"Scilicet illum tetigerat mala manus". Inganni e disinganni delle streghe in Petr. 63

Laura Cherubini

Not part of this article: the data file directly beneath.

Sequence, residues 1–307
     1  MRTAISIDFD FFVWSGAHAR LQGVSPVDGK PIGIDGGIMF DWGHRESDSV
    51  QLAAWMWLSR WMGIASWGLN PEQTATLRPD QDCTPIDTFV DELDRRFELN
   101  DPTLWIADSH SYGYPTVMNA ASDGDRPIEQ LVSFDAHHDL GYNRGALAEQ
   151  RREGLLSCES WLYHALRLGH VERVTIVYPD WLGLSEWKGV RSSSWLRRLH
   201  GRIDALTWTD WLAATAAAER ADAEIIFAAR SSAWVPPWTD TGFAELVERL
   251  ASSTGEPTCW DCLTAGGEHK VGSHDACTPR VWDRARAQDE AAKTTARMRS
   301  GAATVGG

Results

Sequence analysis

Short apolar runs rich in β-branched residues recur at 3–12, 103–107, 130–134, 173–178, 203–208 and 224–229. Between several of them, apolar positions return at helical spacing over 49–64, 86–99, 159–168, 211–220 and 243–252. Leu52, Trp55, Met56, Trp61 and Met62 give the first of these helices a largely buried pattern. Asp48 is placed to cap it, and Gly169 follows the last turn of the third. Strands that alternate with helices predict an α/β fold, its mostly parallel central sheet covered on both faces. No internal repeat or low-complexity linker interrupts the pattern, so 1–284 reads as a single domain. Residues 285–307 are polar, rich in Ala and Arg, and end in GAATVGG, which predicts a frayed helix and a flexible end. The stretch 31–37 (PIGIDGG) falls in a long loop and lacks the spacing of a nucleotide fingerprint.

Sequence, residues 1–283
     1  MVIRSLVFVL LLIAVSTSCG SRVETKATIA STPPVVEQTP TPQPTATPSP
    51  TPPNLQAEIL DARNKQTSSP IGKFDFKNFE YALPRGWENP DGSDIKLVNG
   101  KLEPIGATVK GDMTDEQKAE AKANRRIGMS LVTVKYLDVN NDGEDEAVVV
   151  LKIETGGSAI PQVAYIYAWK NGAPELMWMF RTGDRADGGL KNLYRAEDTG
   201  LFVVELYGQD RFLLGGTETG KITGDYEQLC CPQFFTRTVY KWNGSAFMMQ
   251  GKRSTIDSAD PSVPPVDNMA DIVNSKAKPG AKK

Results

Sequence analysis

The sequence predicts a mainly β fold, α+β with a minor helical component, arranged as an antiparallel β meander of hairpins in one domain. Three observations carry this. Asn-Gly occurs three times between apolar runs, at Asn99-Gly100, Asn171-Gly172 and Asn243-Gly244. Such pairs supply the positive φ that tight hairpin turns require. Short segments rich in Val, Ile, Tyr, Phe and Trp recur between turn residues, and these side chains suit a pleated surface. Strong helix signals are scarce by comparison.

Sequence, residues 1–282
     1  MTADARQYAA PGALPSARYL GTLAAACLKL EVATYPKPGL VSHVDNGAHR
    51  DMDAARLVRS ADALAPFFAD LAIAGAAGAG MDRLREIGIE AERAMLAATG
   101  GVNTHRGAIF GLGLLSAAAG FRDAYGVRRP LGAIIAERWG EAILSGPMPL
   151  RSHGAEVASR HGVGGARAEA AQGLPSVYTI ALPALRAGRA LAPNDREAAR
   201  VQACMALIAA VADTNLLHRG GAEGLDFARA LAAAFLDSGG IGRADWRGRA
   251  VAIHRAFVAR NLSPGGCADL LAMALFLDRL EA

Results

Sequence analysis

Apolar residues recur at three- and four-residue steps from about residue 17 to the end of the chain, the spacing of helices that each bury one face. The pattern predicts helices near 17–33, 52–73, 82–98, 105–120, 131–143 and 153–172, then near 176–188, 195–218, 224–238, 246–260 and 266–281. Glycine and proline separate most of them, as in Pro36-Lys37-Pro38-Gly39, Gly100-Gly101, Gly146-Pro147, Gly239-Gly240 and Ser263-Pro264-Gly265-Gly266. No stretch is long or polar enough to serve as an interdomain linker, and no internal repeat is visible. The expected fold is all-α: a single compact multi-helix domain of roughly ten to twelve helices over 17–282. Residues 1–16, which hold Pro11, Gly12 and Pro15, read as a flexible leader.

In the disturbing Petronian episode where certain supernatural creatures called strigae disrupt the vigil of a dead boy and replace his corpse with a straw puppet, the action of the characters is clearly marked by a dance of senses signaling and substituting one another. These nocturnal witches manifest themselves as a loud presence, concealing themselves from the sight of their victims; their voices, though, sound 'different' to people's ears. But it is actually in a 'tactile' way that humans gauge themselves against strigae, through a network of contacts strongly underlined in the text. At the centre of the 'tactile' relationships interwoven in Trimalchio's story we find the so-called mala manus – that is, the witch's 'evil touch' and the uncanny effects it produces. The aim of this essay, then, is to investigate the cultural meanings conveyed by the image of such contacts – as well as, more generally, the witch's affinity for 'touch' and, ultimately, the relationship between this figure of ancient belief and this particular sense.

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